As we've all come to learn not everything you read on the Internet is reliable in the absolute sense of the word. Everyone with access to a web-site with a few easy lessons can become a writer. Communication is at it's highest level. In a rapid transition the Internet is shaping our daily lives in many ways. On line shopping, on-line auctions, on-line phone services, on-line enrollment, on-line banking and paying bills, music listening, library research, message boards, and on-line gaming are some features the Internet brings to the user. E-mailing alone has taken a large chunk out of the Post Office letter handling. Closer to home, TAC itself was once an annual hardcopy publication. It is now an immediate accessible Internet web-site. So many things have changed because of the Internet. This is not to say the Internet is alone giving unreliable information. A column in a traditional newspaper or magazine doesn't guarantee the public is receiving accurate information. Personally, I feel accuracy and truthfulness is the most important element of communication. Why bother to do so if it isn't? Isn't being accurate and truthful a responsibility to allow the reader to form their own opinion based on facts. How often have we seen the news media twist and turn facts, ideas and meanings around to serve an agenda. One has to just review some of the articles recently written about George Reeves during the September theatrical release of Hollywoodland. Writers have made George's story a bit more spicy in order to sell newspapers. Rex Reed being the most outlandish of all. He characterized George as a person with disloyal qualities, something in complete contrast to Superman. In other articles of sensationalism George was described as a gigolo. I really wonder where do these writers get their information from? Certainly they haven't studied the subject long enough to formulate a correct profile. They'll listen to anyone and/or simply define the situation based on their own assumption. In those weeks of Hollywoodland's release it was basically a media frenzy and in that industry anything goes in the context of Freedom of the Press. They take shots at someone who isn't around to defend himself. So while my higher educational degree is not in journalism it is my best intention to be factual and truthful with all we present here at TAC. I know Jim and I have spent a good part of our lives studying the life of George Reeves and we have done the best we can to provide the most reliable information. That is not to mean we are without ever being wrong and require a correction. We are always open and positive communication is always appreciated.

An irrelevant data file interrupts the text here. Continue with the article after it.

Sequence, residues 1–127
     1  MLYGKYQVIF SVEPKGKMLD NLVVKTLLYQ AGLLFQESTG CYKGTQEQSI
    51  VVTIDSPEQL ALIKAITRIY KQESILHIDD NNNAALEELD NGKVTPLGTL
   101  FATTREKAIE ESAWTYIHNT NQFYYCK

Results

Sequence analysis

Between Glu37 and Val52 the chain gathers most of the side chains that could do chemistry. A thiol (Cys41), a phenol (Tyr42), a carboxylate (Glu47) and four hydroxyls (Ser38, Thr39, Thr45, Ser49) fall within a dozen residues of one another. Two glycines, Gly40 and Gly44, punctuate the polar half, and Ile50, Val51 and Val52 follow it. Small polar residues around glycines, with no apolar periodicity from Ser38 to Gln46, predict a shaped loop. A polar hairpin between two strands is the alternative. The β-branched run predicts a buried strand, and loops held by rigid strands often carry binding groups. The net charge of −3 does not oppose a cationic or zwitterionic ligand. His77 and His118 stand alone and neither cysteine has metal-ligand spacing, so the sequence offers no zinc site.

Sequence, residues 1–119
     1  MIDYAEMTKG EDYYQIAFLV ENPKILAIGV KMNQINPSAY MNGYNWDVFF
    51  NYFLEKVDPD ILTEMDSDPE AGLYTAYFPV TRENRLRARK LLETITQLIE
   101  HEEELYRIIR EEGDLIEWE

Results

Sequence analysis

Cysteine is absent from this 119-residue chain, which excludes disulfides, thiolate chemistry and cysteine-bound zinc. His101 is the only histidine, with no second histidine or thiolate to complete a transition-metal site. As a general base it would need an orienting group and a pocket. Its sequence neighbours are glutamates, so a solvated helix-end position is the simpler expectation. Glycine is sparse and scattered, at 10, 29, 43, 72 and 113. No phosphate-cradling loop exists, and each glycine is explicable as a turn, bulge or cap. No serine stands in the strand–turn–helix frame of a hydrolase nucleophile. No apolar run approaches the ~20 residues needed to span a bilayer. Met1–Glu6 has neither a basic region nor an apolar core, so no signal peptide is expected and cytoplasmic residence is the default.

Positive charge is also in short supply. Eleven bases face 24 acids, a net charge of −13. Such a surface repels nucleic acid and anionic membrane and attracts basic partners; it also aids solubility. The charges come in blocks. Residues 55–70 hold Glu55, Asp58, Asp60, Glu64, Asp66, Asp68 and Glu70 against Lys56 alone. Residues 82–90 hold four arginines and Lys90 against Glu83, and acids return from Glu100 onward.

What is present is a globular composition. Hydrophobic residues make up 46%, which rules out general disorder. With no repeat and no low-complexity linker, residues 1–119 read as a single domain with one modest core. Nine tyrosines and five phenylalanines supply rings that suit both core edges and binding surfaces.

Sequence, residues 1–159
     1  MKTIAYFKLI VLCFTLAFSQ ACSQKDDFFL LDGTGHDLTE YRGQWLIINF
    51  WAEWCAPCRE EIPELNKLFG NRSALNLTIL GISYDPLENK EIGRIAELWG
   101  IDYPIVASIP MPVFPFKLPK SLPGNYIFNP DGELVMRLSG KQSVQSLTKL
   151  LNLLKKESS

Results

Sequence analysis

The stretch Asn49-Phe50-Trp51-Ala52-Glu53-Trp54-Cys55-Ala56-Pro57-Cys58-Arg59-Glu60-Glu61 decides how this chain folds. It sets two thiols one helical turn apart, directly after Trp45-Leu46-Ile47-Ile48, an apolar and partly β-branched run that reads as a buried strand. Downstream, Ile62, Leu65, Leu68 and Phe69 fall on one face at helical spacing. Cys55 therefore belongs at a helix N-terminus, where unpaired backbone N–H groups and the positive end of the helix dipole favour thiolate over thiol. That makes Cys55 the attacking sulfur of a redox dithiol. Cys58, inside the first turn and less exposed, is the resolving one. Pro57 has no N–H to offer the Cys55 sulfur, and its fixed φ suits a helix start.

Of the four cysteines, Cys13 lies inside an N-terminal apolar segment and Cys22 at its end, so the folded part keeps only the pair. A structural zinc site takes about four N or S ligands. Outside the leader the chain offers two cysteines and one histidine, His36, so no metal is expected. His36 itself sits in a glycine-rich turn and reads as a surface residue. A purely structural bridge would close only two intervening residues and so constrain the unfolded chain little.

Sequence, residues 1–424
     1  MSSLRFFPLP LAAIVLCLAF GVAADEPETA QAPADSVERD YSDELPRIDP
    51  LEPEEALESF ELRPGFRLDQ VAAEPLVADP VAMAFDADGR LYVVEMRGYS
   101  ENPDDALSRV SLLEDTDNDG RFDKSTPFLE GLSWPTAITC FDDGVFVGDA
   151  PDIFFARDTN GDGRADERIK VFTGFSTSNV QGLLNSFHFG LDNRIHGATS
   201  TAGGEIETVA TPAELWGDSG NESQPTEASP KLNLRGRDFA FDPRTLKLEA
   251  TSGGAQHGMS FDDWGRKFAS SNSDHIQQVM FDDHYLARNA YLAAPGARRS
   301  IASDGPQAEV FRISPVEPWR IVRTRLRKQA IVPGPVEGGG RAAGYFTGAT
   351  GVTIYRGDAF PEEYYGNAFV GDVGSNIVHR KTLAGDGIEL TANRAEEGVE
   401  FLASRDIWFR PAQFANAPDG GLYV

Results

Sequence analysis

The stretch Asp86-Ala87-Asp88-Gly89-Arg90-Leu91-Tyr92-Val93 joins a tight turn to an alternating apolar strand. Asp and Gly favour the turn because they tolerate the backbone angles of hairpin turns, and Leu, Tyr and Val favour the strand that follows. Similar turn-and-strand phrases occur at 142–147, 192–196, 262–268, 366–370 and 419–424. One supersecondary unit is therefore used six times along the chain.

Recently I experienced a connection with many readers during my detailed essay on the film Hollywoodland. I couldn't have forecasted so many people would take this essay seriously and to heart. If that doesn't make one step back for a minute I don't know what will. Presenting issues that provoke thoughts and discussion is a responsibility and if the readers are to be respected the information must be taken seriously. And so as Perry White stated to Jimmy Olsen in Perils by Sea, the first rule in the newspaper business is be accurate. Then you can't go wrong. I'll take the wisdom of a fictional character like Perry White over some real ones like Rex Reed any day. Jim Nolt himself will agree he has lived by this simple rule. If accuracy or truth is bent for any reason what value does it hold? So we learn a good lesson from the Adventures of Superman. Be accurate. Fiction with the lives of real people can never over-rule truth. Even if the truth hurts. The irony in taking the wisdom of a fictional character like Perry White over some real ones like Rex Reed is not lost on this writer. It's just a shame the real news writers can't seem to take the time to get it right.